“We are humbled by this recognition and accept this big promotion with great sense of responsibility to sustain the high standards that we have set ourselves to educate and mainstream our children to the maximum extent possible. I believe that total commitment of our teachers, parents’ faith in this institution, holistic curriculum, aptitudinally appropriate vocational and life skills training that we provide our children in our new eco-friendly school building have made a great impact on the informed public,” says Dr. Sulata Ajit, co-founder and director of Sankalp, awarded a Ph D in special and inclusive education by Nottingham University, UK.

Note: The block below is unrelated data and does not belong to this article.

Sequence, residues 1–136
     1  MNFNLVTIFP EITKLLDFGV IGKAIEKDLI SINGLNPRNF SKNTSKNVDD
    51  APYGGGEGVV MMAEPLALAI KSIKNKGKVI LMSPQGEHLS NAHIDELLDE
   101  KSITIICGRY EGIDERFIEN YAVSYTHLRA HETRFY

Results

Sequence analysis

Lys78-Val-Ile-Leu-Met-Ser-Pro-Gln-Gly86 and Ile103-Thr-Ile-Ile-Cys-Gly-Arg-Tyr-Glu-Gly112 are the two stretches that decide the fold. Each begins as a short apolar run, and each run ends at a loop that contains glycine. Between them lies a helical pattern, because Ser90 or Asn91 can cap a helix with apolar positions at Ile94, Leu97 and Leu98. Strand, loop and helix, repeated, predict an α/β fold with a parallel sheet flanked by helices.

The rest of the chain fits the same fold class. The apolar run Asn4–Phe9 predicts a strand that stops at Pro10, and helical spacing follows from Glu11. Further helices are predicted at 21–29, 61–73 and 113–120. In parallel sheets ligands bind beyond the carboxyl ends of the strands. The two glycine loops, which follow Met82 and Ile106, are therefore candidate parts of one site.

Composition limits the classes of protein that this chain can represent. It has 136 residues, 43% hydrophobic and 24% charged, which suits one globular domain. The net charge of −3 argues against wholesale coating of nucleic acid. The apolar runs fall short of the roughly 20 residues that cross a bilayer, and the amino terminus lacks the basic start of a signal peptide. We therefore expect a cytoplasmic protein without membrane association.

Adds Lakshmi Krishnakumar, founder-director of Sankalp — The Open School for Children with Learning Disabilities, Chennai: “We are especially pleased with our top score under the competence of faculty parameter because the dedication and quality of teachers is of prime importance for special needs schools. Therefore, teacher welfare and professional development is accorded the highest priority in Sankalp schools. Academic learning apart, our teachers have also introduced a wide range of vocational education programmes ranging from weaving, baking, gardening, data entry operations and computer skills for our children. Therefore our children have fared well in the school-leaving exam of the Delhi-based NIOS (National Institute of Open Schooling) board exams, averaging 75 percent.”